“My wife and my best mate they have been very good to me in terms of pushing, and Phil Boulton [former Legends Tour co-coordinator] has been absolutely fantastic. And two or three guys I play with back at the National [his home club in Victoria] who I play with are very supportive, understand what I am going through and just really spur me on and you know, give me that little bit of confidence and you need that.”
He was also very appreciative of the reception he had received from everyone involved with the senior order of merit amateur events.
“To the credit of all the people I’ve played with, who probably think I’m an idiot or something, they’ve all been absolutely fantastic. Absolute gentlemen at the best and I really, really appreciate that they do that. Because everyone thinks you should be laughing and joking and smiling and I just can’t do it.”
For us, it was a bit of a shock when Olsen couldn’t actually say he “enjoyed” playing golf. He did enthusiastically say he “loved” practicing and could happily spend hours just chipping and putting around a green. But not just going out and playing a round.
“You also need to play these [bigger events] for your own personal gratification,” he said later. “For me I don’t need it for the awards and all the other bits. I just like the challenge. I’ve played reasonably good here the last couple of days so that means I’ve got some things I can work on, some confidence to go forward that maybe I can challenge myself to maybe some things like the British Senior Amateur and the U.S. and Canada. I probably will do those again if I can maintain this consistency, the ball striking and then see where it goes from there.”
Following our interview, Olsen sent us the following email, which we’ve abridged:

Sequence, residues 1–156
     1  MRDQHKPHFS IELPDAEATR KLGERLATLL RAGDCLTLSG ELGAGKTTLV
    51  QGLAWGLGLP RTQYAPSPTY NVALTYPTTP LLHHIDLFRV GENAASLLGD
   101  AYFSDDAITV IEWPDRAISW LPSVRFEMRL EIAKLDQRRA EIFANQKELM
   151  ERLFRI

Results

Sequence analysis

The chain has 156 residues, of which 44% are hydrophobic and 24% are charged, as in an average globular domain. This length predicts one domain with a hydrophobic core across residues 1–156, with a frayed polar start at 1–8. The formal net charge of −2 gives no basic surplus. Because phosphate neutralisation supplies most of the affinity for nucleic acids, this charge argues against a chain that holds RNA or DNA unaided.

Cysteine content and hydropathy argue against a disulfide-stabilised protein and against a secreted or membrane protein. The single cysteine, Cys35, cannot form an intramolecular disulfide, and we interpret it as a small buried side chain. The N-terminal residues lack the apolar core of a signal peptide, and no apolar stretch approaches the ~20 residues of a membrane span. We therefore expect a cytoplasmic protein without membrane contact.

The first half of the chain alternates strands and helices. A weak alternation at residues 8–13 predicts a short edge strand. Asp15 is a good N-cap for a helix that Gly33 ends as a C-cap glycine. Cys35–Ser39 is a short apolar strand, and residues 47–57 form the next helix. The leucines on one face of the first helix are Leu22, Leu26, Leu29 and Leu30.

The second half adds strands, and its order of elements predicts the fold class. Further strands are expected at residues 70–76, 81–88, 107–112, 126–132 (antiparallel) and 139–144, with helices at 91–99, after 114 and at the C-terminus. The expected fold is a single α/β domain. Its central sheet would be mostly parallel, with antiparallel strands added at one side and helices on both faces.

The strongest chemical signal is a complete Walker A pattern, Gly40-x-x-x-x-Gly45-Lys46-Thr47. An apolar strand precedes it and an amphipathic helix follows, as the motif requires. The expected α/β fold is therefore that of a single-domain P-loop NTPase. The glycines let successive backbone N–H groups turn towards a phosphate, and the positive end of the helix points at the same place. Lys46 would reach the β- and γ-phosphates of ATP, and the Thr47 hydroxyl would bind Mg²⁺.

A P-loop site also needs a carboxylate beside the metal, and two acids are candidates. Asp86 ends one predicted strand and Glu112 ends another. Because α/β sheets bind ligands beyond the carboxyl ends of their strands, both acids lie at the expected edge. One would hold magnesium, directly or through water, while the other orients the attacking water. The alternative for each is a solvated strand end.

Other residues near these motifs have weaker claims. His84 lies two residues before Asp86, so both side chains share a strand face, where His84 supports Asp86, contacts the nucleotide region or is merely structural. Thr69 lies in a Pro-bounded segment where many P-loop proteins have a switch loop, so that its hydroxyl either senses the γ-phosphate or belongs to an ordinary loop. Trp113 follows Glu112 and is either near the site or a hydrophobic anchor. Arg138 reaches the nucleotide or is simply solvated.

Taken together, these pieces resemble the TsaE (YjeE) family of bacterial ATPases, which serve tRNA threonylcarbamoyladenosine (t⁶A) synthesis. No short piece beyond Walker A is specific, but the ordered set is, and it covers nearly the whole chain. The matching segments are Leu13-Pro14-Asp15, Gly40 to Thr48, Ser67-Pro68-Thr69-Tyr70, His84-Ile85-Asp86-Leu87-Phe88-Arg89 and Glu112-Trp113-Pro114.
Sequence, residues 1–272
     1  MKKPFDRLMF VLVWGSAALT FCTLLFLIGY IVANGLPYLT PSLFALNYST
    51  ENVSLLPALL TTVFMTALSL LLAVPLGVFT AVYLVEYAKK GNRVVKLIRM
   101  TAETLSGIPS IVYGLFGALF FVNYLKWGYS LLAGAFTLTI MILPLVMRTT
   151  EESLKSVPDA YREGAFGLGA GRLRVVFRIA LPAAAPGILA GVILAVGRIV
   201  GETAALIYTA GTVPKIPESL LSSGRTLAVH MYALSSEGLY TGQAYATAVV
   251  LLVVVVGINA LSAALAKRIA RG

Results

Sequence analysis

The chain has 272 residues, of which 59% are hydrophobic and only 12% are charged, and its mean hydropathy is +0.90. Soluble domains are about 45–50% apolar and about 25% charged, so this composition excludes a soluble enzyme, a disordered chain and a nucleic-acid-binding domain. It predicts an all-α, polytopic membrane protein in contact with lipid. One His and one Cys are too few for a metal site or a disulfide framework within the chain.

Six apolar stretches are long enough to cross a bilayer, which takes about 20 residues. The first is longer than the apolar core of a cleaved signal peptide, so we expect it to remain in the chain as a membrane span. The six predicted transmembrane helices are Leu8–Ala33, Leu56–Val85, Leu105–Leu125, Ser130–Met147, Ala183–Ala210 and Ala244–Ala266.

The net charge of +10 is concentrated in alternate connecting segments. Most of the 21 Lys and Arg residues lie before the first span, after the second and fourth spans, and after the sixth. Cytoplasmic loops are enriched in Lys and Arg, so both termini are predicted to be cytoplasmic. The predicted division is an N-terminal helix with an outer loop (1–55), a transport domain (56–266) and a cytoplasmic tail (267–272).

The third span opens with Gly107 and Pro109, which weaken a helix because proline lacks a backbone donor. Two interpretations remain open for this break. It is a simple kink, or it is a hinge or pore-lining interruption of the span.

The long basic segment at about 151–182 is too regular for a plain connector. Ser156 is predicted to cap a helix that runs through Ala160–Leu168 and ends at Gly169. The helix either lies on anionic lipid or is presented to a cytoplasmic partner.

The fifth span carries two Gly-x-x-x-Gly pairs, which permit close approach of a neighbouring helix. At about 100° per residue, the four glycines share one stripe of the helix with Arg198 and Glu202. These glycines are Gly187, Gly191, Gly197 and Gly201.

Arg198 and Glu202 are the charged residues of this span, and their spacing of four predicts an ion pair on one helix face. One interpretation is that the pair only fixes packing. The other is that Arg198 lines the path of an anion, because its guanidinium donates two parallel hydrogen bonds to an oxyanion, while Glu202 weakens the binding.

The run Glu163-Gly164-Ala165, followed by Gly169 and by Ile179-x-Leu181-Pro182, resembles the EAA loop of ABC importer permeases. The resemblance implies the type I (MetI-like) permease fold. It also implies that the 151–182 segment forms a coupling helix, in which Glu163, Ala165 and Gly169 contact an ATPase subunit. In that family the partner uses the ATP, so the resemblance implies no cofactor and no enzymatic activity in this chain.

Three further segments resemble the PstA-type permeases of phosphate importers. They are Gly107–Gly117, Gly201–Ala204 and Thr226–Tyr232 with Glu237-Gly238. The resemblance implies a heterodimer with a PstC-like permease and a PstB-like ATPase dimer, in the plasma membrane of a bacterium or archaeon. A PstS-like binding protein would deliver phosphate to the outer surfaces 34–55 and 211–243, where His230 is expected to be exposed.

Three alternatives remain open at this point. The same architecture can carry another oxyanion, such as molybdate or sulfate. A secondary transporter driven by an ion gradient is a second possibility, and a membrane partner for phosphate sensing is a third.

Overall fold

“It is certainly the first time I’ve been as open about it publicly and there are many more that are having much larger and more personal problems than myself.
“ ’m embarrassed to some degree about the whole thing but do know that speaking about it and tackling my issues head on to some degree does help. I’m lucky to have a small network of close friends who understand and “put up with me”.
“I truly hope that others in a similar situation can get some degree of solace or strength from it and that most may get a better understanding and place themselves in positions to help or recognise signs and/or symptoms of what their friends or others may be going through. I have been exceptionally lucky to have the friends I have and would not be doing what I’m doing or remotely achieving what I have without them. I 100% know that for a fact.
“I should also point out which I think I mentioned in our interview, the “reception” I have got from the multitude of players/event staff at the few events I’ve played in has been amazing. This game just seems to bring out the best in people while providing amazing high points for victory and/or best results while being able to humble us at times for no apparent reason.”[People experiencing depression or mental health issues should talk to their GP, contact Lifeline or Beyond Blue.]